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Time for another The Personal is Political series post! If you are unfamiliar with this series I’ve created, check out the introduction and explanation of how I review books for these posts. If you are familiar, then you already know what to expect from me in this review, and I hope you’re excited! I received a lot of positive feedback on the first review which really meant a lot to me. Thank you to everyone who commented or messaged me privately!
OK, let’s get started.
I received a free, advanced reading copy of this book from NetGalley in exchange for an honest review. Thank you to the publisher for the reading & reviewing opportunity.
I Am a Feminist: Claiming the F-Word in Turbulent Times
by Monique Polak
Published on May 7th, 2019 by Orca Book Publishers
How’s the writing? ★★★★★
Much like the other book I read from this series, the writing was very smooth and transitioned well from chapter to chapter. Because there was more personal content, it wasn’t quite as formal as the last, but I still felt like the writing was very professional and polished.
Was this educational/informational? ★★★★★
This was incredibly educational! Being a feminist doesn’t require you to know everything about the history of the fight for equality, but if you are interested in gaining some knowledge about the waves of feminism, this is a great place to start your research. The book is very informational and has a bit of a textbook feel to it. Statistics are provided at times, but this is mostly a book about the past, present, and history. You’ll learn what has come before you, what feminists are fighting for now, and what we hope to see in the future.
Was the information credible? ★★★★★
Because this book references hard facts at times, a full list of citations is included in the back of the book, separated by chapters. Looking over the citations, many come from sources such as the American Psychological Association, centers for justice statistics, university conducted research, and more.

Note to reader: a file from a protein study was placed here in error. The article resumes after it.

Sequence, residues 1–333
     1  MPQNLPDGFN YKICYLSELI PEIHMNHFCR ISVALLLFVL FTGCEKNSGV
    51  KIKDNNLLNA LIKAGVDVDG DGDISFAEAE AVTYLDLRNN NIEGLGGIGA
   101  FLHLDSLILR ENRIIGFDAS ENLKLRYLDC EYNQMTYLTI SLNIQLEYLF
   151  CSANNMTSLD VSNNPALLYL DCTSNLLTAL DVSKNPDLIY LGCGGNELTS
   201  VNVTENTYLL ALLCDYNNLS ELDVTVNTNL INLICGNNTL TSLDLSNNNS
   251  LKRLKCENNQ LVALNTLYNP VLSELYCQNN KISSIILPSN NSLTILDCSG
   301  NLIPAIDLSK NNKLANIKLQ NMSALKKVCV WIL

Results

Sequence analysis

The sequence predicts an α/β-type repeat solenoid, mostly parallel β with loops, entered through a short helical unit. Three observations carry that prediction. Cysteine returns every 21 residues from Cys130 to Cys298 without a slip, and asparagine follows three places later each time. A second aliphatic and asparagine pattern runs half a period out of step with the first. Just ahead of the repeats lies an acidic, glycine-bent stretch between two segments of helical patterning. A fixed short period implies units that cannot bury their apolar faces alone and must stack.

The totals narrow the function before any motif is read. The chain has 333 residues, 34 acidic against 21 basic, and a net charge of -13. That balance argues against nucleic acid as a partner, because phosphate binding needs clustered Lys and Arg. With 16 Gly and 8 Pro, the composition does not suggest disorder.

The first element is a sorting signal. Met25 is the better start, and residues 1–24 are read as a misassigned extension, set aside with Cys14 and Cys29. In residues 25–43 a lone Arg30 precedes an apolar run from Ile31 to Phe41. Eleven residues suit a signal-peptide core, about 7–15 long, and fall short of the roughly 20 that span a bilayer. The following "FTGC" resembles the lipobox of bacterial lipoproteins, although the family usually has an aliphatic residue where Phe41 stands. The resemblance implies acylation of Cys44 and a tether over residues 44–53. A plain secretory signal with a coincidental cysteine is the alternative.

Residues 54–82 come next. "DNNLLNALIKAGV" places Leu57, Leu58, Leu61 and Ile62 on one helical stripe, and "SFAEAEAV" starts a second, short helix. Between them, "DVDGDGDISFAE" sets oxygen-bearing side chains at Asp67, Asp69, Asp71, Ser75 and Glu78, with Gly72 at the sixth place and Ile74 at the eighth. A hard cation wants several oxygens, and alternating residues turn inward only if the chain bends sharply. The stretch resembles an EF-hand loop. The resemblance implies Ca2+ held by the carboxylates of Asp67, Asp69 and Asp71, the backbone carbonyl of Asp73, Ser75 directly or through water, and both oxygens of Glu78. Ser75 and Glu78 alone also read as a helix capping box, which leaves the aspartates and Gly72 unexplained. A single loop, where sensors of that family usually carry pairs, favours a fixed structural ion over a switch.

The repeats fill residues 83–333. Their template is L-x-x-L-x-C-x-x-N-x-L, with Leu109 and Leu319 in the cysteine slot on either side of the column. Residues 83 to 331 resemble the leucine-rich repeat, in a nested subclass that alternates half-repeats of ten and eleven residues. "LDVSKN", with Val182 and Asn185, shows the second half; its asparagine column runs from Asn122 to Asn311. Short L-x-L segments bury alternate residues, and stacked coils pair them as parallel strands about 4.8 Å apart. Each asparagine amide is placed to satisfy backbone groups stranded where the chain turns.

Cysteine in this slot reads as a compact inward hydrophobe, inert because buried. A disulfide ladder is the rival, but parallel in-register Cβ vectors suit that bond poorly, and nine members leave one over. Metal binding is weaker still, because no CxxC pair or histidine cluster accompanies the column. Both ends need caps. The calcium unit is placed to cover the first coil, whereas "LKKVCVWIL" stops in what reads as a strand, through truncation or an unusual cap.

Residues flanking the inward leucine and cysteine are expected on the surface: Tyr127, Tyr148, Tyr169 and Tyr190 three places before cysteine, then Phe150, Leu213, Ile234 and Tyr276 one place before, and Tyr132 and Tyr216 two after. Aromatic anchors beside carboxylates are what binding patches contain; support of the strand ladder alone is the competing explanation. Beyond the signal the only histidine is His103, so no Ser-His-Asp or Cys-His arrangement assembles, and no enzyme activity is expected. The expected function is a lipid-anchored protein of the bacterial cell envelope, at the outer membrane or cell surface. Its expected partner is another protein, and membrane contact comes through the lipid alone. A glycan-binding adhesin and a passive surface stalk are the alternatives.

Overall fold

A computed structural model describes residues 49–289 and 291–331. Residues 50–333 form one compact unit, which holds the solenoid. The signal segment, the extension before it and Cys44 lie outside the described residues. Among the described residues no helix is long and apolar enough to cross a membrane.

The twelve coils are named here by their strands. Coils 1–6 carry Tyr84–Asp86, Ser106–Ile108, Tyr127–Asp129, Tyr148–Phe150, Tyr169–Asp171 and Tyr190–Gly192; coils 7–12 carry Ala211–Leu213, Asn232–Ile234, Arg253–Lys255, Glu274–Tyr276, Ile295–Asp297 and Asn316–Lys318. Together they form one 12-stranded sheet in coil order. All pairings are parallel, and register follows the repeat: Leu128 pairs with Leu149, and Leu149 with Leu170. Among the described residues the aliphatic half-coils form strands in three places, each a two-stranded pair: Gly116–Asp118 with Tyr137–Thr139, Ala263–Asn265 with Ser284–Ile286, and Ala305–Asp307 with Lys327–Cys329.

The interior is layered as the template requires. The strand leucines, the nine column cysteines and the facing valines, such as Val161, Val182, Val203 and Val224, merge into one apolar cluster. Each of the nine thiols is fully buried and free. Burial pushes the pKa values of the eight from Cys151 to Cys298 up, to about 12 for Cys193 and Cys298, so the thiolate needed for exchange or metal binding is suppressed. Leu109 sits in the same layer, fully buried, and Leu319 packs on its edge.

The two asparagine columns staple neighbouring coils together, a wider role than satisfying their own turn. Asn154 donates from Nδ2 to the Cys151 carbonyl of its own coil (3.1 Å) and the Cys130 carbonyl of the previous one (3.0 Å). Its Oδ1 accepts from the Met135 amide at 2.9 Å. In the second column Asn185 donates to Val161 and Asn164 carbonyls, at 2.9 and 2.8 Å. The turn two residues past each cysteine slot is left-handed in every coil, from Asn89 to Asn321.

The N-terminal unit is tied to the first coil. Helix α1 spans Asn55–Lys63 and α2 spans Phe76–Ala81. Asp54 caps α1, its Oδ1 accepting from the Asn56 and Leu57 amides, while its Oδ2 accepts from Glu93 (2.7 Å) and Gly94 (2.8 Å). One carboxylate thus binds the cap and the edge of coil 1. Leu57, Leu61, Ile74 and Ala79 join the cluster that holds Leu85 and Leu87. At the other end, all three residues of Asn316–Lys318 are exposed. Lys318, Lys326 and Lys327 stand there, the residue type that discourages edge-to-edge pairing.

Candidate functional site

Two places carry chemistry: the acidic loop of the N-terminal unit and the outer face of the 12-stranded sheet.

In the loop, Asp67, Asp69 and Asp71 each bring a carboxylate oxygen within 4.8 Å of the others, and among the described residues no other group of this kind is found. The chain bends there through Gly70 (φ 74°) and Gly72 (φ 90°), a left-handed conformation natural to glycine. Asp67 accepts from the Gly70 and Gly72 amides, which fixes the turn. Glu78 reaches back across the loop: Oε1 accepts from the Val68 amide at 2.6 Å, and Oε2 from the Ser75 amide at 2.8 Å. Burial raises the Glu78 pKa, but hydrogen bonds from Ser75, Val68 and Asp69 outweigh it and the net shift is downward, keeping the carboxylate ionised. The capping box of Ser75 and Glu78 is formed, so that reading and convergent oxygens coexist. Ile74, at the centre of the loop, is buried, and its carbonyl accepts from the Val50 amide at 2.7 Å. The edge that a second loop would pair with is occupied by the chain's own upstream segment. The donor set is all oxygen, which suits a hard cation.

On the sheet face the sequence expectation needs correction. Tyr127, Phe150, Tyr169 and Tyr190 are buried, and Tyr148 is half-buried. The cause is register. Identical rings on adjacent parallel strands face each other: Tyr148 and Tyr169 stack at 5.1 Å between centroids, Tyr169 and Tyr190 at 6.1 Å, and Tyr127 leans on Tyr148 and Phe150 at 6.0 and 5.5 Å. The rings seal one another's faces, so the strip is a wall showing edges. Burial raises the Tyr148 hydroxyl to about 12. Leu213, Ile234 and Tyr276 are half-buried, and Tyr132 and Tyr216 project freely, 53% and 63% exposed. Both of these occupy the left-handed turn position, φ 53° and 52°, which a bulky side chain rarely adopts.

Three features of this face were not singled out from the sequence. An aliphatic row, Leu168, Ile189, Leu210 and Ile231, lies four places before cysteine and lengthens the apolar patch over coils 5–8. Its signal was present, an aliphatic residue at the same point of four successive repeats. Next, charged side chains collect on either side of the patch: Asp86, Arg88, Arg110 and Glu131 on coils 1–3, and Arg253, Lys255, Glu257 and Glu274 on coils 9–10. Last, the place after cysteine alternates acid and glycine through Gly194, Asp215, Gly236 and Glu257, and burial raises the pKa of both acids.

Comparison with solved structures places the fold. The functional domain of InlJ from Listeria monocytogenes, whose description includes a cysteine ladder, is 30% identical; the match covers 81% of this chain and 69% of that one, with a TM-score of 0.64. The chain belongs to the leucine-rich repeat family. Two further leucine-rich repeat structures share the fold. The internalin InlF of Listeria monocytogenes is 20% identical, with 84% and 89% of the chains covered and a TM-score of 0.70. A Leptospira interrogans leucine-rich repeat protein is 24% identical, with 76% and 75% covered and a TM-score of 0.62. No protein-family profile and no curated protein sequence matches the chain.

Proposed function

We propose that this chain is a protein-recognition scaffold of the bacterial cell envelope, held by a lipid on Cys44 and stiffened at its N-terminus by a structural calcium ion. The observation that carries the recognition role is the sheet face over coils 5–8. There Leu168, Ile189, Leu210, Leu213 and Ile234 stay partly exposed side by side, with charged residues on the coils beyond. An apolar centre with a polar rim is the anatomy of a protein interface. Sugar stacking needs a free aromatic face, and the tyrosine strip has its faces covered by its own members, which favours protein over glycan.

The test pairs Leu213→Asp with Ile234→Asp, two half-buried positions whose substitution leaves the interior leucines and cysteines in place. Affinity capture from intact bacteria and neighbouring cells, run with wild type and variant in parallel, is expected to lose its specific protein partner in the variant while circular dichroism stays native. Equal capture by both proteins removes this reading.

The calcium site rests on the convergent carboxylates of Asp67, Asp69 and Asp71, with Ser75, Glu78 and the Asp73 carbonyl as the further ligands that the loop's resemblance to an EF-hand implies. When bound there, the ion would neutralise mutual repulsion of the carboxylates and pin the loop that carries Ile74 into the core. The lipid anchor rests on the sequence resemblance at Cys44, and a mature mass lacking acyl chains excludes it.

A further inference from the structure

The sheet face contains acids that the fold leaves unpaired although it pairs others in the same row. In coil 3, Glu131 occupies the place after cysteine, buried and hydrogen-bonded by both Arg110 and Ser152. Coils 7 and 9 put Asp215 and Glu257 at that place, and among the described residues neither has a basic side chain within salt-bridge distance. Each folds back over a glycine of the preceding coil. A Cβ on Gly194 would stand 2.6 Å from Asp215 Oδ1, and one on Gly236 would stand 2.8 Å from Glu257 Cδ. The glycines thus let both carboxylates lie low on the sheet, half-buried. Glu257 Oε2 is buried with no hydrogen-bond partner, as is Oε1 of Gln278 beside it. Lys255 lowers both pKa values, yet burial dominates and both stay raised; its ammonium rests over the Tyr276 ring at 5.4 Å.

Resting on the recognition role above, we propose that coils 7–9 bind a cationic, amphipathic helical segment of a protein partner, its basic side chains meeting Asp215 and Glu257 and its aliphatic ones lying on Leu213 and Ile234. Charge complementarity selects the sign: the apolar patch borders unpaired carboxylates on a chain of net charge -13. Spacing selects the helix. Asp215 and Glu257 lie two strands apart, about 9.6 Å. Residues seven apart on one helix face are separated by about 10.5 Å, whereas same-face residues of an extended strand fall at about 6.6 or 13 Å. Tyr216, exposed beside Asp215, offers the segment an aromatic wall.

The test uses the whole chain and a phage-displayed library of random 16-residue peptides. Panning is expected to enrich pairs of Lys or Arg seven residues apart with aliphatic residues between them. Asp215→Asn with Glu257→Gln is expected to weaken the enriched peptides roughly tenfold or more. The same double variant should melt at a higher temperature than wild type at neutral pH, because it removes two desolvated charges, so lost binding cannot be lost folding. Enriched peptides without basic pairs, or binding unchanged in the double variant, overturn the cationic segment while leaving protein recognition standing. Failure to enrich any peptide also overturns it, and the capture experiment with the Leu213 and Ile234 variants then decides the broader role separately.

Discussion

How personal was this? Did it include any biases? ★★★★★
This book was definitely more personal than the last that I reviewed in this series. While this book does clearly aim to inform, there was more personal content that added to the writer’s purpose. In the beginning, the author talks about a 13 year old girl she interviewed, who, when asked if she considered herself a feminist, answered, “I’m not sure. But I do believe women should have equal rights.’ ‘In that case’, the author states, ‘you are a feminist.'” Interviews between the author and feminists from all over the world are featured like this in the book, so while it is a bit more personal, it doesn’t take away from the overall learning experiences. A few times throughout, the author will offer a slightly more intimate experience or thought, but never in an overwhelmingly biased way. For example, because the author is a teacher, she shares things she has tried to teach her students about the fight for equality among all.
Was this intersectional? ★★★★★
Apart from the history lesson that this provided me, my favorite part of it was the inclusiveness. A book about feminism that does not aim to include everyone really misses the whole point, don’t you think? The sixth chapter in this book is all about diversity: it covers race, Indigeneity, gender and sexuality, disabled persons, and sex workers. This chapter is one most packed with factual information, sharing stats such as :
60% of women with disabilities have experienced some form of violence (p. 85 in digital copy)